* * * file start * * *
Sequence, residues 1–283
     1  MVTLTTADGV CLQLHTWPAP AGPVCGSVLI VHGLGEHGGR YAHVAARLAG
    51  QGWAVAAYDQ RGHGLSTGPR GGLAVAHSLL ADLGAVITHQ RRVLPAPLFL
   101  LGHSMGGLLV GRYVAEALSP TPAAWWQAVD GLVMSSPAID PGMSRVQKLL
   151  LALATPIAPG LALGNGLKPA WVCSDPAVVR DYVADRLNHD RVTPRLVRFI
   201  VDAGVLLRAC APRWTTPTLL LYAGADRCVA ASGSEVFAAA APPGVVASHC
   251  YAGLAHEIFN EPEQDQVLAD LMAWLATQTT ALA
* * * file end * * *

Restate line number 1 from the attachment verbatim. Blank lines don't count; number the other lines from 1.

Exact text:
Sequence, residues 1–283